If you’ve been following up to this point, you probably noticed the change in the name of this blog. It was a difficult decision to change the title because the previous one served me well. SoR.Shelter was, and always will be, the title under which I started blogging. However, I don’t think it encapsulated the scope of this blog well enough.
Thus, I bring you to ‘Pilgrim Shelter.’
Like many Americans, I first heard the word ‘pilgrim’ in school while learning about those who came to the New World on the Mayflower. They left the homes they knew to find something better. For many years, ‘pilgrim’ stayed in my mind as this, merely a word used to describe some group of people who did something that the history books forced me to learn. Sure, the pilgrims were brave, but apart from a passing thought around Thanksgiving, I didn’t think much about them.
The meaning of this word changed drastically for me in 2014. On July 15 of that year, I boarded a plane to start a journey that would eventually take me to the Camino de Santiago. It was there that I learned to be a pilgrim myself. I plan to discuss this experience in detail in a future post. However, for those who are unfamiliar, the Camino de Santiago is an ancient pilgrimage in which peregrinos (pilgrims) walk to Santiago de Compostela, a city in northwest Spain. Each morning, I would wake up and begin to walk, stopping for meals and breaks, before reaching the next stopping point. The only responsibility I had while I was on the Camino was to walk. Naturally, this gives a lot of time for self-reflection, as well as conversations with others. I was on the Camino for 34 days, so I did a lot of both.
Upon arriving in Santiago de Compostela, peregrinos are given a certificate written in Latin, called a Compostela, signifying that they have completed the journey. In order to receive the certificate, in the pilgrim office I was required to write my name, nationality, and occupation as a record. The first two were easy. One would think the same would be true of the third category, but this wasn’t the case for me. I looked at that third blank for a minute or so. At the time, I was working as a restaurant server, but I didn’t (and still don’t) like thinking that I can be so easily categorized by a job title. Suddenly, I thought of an obvious and apt job title. I quickly wrote it and accepted my Compostela.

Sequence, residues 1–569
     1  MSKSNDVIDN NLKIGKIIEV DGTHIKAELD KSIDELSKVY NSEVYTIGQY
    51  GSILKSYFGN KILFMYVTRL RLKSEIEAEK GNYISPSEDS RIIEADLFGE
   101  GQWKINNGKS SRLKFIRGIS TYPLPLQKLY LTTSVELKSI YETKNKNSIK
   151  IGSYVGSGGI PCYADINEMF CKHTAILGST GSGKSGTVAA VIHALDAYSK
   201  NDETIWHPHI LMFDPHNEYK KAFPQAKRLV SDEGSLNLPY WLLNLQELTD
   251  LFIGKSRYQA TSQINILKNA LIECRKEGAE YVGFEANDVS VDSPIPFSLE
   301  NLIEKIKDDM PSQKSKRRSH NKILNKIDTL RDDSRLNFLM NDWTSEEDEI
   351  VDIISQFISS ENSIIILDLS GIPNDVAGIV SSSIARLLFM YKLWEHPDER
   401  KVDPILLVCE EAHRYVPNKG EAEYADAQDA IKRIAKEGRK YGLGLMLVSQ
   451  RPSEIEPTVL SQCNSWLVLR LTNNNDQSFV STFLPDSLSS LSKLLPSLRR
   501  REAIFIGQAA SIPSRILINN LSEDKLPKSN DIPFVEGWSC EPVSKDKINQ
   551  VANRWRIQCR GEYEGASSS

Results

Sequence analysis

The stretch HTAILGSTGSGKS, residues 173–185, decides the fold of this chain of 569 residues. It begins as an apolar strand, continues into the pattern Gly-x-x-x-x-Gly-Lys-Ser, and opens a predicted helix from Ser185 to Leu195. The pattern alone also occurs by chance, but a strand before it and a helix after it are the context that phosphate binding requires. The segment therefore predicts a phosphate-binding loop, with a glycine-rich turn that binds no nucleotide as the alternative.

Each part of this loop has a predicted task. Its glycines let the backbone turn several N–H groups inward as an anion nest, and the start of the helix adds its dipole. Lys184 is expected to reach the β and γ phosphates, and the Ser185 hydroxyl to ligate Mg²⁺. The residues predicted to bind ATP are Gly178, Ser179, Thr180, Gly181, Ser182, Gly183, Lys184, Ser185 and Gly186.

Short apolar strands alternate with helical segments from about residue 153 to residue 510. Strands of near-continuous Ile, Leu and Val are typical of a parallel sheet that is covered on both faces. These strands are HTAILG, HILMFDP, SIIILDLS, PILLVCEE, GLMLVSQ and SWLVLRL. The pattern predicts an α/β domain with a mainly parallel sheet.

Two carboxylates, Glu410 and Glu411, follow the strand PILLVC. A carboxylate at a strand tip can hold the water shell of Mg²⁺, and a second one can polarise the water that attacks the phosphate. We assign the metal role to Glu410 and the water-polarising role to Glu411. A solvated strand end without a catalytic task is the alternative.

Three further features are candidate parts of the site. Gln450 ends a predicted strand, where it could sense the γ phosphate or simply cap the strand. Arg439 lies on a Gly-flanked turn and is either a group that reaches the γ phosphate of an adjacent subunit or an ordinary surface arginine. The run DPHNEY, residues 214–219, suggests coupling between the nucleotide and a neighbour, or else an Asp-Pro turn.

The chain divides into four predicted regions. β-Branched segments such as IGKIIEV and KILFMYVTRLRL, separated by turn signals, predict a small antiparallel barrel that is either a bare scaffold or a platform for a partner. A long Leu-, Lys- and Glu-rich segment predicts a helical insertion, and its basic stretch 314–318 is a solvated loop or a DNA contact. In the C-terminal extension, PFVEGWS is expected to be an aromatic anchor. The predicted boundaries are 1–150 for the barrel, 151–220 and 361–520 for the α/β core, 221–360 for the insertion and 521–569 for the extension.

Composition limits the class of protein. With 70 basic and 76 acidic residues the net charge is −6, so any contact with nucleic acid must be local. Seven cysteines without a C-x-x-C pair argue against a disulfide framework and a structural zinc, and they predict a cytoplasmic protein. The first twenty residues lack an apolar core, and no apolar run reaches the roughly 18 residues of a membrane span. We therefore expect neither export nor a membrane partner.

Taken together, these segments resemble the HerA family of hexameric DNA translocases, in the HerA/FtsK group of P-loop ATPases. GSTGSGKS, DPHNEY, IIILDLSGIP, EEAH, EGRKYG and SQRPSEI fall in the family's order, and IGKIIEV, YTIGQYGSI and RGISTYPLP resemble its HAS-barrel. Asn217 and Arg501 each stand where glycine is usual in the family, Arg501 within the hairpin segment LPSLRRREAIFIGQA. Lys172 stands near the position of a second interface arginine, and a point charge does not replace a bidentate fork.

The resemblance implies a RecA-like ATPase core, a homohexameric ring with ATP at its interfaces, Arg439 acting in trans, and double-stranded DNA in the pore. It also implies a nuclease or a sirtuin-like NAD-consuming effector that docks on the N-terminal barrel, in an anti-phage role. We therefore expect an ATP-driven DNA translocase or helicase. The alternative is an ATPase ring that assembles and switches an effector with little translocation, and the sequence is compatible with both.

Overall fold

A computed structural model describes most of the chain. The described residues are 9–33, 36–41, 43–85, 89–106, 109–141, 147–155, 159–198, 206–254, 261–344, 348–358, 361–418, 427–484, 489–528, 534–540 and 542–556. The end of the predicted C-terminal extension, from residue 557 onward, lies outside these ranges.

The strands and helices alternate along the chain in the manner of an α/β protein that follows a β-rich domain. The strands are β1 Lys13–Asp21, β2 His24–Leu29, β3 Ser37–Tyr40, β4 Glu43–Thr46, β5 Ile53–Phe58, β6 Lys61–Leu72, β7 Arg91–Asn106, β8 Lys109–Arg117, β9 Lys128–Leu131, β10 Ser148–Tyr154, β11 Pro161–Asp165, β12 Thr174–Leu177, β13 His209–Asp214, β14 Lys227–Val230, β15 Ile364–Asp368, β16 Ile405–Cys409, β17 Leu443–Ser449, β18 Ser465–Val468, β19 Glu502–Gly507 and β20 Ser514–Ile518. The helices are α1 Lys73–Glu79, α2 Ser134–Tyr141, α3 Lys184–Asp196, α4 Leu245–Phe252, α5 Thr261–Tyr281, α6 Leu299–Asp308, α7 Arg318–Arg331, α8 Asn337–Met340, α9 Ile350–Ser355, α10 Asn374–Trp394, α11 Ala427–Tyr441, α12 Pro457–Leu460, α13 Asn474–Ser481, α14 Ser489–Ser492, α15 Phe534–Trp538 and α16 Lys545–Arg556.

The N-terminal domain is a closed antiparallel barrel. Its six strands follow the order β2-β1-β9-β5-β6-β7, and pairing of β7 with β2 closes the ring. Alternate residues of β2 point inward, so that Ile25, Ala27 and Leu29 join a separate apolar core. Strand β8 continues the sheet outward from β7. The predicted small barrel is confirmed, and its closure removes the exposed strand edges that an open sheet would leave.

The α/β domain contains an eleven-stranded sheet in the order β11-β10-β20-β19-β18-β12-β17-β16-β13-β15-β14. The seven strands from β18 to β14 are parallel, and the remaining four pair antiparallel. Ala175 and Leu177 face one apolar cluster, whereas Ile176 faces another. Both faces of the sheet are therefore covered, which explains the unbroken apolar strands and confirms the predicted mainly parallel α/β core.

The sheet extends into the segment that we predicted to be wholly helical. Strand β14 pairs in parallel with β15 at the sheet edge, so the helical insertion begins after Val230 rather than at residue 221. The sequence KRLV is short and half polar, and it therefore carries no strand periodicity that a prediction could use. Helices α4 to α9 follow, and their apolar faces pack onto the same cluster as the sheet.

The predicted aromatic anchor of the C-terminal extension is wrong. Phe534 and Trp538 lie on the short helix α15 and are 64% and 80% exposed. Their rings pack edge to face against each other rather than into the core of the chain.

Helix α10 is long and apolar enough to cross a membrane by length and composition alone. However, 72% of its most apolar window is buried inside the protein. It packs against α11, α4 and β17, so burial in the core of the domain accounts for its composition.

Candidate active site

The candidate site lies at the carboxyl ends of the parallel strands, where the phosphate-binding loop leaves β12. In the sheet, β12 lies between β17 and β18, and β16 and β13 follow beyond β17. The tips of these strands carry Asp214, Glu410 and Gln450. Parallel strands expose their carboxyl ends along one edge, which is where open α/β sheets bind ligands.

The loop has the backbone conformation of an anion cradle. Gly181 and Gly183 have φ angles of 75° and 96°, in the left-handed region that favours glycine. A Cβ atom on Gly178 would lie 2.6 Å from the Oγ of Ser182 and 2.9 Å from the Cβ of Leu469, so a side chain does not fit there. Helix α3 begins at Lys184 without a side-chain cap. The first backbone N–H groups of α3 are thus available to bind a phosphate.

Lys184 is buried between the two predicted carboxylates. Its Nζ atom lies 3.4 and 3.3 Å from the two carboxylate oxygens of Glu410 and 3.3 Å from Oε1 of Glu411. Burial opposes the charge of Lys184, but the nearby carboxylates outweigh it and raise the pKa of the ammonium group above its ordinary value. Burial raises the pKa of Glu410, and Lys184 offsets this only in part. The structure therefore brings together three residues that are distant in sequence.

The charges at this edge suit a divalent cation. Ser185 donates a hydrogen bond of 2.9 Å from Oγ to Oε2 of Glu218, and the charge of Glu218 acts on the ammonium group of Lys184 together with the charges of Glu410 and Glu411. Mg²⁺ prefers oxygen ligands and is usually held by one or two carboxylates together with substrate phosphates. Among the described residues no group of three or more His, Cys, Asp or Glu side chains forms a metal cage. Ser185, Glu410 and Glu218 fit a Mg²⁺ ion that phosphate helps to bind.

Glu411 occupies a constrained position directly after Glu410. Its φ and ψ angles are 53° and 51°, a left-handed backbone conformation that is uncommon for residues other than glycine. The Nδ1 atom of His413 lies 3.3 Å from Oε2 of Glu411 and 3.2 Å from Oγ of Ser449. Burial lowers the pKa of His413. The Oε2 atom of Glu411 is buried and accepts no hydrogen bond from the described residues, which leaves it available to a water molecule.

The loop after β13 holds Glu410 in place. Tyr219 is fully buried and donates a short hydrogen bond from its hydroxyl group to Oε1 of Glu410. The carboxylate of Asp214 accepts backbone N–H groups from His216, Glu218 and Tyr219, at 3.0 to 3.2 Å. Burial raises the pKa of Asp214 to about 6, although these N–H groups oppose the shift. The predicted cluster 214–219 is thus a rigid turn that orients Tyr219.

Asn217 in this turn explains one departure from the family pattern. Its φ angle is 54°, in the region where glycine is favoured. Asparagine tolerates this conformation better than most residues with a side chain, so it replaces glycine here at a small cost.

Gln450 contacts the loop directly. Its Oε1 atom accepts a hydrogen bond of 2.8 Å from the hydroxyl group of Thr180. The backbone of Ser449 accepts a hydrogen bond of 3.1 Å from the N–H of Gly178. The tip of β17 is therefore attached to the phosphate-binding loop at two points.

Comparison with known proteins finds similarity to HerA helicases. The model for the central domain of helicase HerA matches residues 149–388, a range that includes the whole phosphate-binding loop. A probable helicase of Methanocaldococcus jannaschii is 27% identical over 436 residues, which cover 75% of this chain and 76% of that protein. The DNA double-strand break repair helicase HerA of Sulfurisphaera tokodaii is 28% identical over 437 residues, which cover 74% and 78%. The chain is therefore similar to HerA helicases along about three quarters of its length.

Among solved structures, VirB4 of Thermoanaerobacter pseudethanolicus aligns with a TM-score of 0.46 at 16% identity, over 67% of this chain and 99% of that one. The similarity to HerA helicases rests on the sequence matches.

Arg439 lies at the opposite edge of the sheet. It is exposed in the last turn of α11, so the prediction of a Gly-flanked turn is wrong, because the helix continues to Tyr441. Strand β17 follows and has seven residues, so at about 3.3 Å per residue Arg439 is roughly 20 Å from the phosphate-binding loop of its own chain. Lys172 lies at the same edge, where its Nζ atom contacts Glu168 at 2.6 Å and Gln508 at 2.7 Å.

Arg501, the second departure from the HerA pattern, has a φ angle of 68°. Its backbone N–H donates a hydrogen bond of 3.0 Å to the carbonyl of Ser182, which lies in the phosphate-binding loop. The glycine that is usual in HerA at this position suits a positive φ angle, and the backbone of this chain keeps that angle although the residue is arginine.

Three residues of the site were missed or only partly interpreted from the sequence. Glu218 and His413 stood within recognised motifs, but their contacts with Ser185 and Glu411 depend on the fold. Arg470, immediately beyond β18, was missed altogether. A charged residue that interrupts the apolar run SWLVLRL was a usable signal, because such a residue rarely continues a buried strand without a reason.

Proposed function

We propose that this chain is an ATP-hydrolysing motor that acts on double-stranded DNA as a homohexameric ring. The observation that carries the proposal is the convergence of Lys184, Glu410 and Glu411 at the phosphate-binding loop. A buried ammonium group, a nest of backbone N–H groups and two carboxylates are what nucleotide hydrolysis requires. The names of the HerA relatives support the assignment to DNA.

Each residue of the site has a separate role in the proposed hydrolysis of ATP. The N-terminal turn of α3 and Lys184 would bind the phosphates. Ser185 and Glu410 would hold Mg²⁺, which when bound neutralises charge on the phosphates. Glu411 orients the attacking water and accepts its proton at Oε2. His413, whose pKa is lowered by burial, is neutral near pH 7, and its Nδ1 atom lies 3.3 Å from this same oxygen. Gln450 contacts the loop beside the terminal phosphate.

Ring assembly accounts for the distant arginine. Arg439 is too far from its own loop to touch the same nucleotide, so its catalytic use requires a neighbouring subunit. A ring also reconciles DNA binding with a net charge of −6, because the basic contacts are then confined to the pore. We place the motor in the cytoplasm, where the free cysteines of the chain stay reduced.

What did I write as my occupation?
Shortly before I moved from Las Vegas in August of 2016, I received a going away present from my aunt in the form of a greeting card. In the middle of a longer message within the card, she wrote, “I hope you find what you are looking for.” At the time, I admit that I wasn’t quite sure how to interpret this. I knew she meant well, but I wondered how necessary such a statement was. I mean, did I really need well-wishing to find what I was looking for? I wasn’t even aware that I was looking for something. I just knew I needed a change. A week or so after receiving this card, I packed my car and drove across the country (I’ll get to the story of that fateful drive in another future post).
The truth is that my aunt knew better than I did that I was looking for something. To her outside perspective, my seeking was clear. She loved me enough to tell me a truth that I hadn’t yet realized. She saw my motivations more objectively than I did. From my own limited perspective, the desire to look beyond my current reality wasn’t quite so obvious.
One might think that since I had walked the Camino de Santiago, I would realize immediately what my aunt was talking about when she told me that she hoped I would find what I was looking for. Sometimes, though, I can be somewhat oblivious. In these cases, it takes further consideration and self-reflection for me to realize truths about myself.
This is what I’ve realized. My default setting is ‘Seek’. I wander without consciously doing so. Asking questions and refusing to accept the status quo come almost as naturally to me as breathing. If I stopped seeking, I would give up an essential part of who I am. This is why it was difficult to see what my aunt was trying to say. For her, I was upending my life and going to Europe in search of something. For me, taking such a drastic step made perfect sense. To stay where I was would be to kill my pilgrim spirit. That was not a viable option. I had to go.
On the Camino, it’s not that I saw what a pilgrim is and decided I wanted that. Rather, I saw what a pilgrim is and realized that I am a pilgrim. It truly is my occupation. For a long time, I’ve searched. I’ve looked for truth where it can be found. I don’t wander for the sake of wandering, but I won’t stay in a place if doing so would force me to compromise my nature.
In this journey, I need a refuge where I can meet with others to share what I’ve learned. The ‘Shelter’ aspect of this blog’s title is as relevant as it ever has been. Now, however, I come here to write as what I truly am: a pilgrim.
Come along on this pilgrimage with me.